Glass Houses and Fishbowls

I Peter 2:9

pe-cu-li-ar: (adj.) strange or odd; unusual

From birth, a PK (preacher’s kid) is different.  Just as the parent is set aside for a singular purpose, the PK is included in the unique situation.  Living in the parsonage is often likened to living in a fishbowl.  Your life is transparent to anyone and everyone.  This tends to create a situation in which the child, early on, begins to develop strategies to be just like everyone else, normal. It’s an uphill battle.  Once your peers are informed of your heritage, it begins.

stand-by-me

PKs are especially prone to peer-pressure and bullying. Recently, I was telling a friend about my formative years. Somewhere around sixth grade, I spent most afternoons wondering who would try to beat me up that day.  I wanted nothing more than to simply be “one of they guys;” I just wanted to fit in. In those efforts, I usually went overboard trying to prove my normality.  I was an easy target for peer pressure.  I remember the neighborhood fellas daring me to throw a rock through the window of the vacant house, just to prove I wasn’t a “goody-two-shoes.” (I won’t recount the story here, but Google the term. It was originally a tale designed to motivate children to live a virtuous life.) I bent down, picked up a stone of adequate size, and threw it straight and true. CRASH! As schoolboys do, they all scattered, and left me staring at the results of my vandalism.

I ran home and hid in my bedroom.  I sheepishly moved around the house, waiting to see if I had gone undiscovered. The rest of the afternoon went by, and it was finally bath-time to get ready for bed. I had escaped.  There I was, naked in the tub and counting my toes, when my father walked in. “Come here.” I was naked in more ways than one. He didn’t even let me dress. He wrapped a towel around me and led me to the front door. The stranger there turned out to be the owner of the rent-house under renovation. I wondered what that sticker on the window meant. It meant they were brand new windows.  I had never seen this man before. How in the world did he know I was the culprit? There wasn’t even a line-up with the other boys, just me.  There went my allowance for the month.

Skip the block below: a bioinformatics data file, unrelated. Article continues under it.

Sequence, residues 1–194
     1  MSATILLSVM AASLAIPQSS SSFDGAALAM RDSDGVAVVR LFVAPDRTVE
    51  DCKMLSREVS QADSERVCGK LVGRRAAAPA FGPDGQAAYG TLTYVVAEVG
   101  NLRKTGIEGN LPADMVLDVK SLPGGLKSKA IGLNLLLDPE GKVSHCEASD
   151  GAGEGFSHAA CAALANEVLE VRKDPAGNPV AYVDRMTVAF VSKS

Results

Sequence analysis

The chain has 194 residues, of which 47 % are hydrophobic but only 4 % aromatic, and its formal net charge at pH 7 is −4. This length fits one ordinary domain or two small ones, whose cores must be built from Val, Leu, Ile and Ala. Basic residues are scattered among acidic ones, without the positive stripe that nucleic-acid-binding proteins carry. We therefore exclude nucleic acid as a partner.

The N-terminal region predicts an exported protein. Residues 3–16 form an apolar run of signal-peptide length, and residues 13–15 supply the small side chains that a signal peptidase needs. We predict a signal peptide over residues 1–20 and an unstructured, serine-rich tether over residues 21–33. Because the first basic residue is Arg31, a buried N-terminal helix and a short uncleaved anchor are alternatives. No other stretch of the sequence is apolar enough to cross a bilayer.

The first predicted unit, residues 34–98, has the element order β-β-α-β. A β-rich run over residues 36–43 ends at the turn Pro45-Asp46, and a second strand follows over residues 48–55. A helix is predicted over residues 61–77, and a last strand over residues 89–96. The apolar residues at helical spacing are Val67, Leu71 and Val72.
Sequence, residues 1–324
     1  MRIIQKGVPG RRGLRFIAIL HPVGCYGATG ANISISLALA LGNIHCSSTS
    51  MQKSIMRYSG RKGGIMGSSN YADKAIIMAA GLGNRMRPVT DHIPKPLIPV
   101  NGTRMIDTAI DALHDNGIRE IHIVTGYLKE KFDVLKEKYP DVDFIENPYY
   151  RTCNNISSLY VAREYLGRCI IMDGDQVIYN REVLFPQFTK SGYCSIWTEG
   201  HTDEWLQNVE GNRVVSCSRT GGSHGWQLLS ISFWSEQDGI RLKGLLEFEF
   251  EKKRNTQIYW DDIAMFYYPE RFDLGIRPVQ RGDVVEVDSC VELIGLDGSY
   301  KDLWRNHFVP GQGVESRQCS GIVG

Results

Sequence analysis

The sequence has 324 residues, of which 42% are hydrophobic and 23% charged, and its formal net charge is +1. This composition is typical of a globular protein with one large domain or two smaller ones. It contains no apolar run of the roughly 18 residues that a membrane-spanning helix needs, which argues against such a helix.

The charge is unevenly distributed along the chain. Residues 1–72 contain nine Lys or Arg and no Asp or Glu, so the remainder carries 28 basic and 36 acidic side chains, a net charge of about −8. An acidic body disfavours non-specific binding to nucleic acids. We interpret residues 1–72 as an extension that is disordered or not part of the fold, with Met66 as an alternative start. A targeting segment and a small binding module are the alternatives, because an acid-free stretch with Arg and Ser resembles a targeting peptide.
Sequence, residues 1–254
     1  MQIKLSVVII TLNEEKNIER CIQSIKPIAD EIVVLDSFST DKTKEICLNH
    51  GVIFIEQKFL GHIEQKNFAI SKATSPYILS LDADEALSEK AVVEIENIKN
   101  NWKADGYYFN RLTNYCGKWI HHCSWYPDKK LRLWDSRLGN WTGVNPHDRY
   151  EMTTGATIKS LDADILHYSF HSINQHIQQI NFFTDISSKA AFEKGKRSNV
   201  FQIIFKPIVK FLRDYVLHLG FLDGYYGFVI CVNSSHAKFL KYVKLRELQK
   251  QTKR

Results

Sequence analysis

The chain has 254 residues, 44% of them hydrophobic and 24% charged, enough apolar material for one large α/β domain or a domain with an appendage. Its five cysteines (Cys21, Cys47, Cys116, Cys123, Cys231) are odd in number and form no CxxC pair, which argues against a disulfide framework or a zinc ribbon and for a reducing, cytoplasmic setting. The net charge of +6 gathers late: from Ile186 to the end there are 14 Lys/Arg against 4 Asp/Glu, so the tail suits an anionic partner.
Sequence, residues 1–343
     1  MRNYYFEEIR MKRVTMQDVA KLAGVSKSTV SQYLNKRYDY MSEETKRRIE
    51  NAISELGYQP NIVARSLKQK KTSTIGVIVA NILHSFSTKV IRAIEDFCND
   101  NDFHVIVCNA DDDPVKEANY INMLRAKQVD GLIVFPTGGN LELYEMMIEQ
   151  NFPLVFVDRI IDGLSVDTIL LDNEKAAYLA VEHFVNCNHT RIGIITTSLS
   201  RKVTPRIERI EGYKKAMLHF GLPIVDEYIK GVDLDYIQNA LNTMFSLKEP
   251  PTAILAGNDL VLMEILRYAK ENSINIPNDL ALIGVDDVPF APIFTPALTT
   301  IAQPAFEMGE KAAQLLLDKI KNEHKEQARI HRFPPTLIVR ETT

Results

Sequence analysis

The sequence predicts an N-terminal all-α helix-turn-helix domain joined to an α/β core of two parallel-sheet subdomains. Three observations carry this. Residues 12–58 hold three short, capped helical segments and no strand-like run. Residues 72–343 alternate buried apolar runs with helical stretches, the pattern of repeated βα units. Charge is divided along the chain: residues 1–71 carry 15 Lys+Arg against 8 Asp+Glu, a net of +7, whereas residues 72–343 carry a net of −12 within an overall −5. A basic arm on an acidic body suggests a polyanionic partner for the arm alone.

I had not only embarrassed myself, but also my father. He was serious about the way his children’s actions reflected on his ministry.  At one point a year or so later, he was especially irritated at my grades in school.  I brought home three Cs.  Have I mentioned I am a “junior?” He was Arthur Wesley Wellborn Sr. I was Arthur Wesley Wellborn Jr. After one lick of the belt for each C on the report card, he sternly asserted, “Boy, that’s my name you’re carrying around in this world, but you’re acting like a jack-ass.  If you keep this up, I’ll take you to the courthouse and change your name to Jack Ass.”  I believed him. The next report card was nothing lower than an A. He put his arm around my shoulder, and told me he was proud. He then pulled out a brand new pocket-knife as a reward.

These days are a little different. It’s not just preacher’s kids who are under scrutiny.  There is literally nothing hidden. Digital technology assures that. We all live in fish bowls.  Our actions are open and permanently recorded for everyone to see. Everything comes to light at some point.  In many ways, I still feel different, peculiar, odd. In many ways, I still want nothing more than to feel “normal,” whatever that means. It does give me comfort, however, to know that God’s people are different by design. We are different for a reason. As Christians, it is Christ’s name we carry through the world.  We are set apart in that world, and if “normal” means clinging to the darkness rather than proclaiming the light, maybe being peculiar isn’t such a bad thing.

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Published in: on July 27, 2017 at 11:15 am  Leave a Comment  

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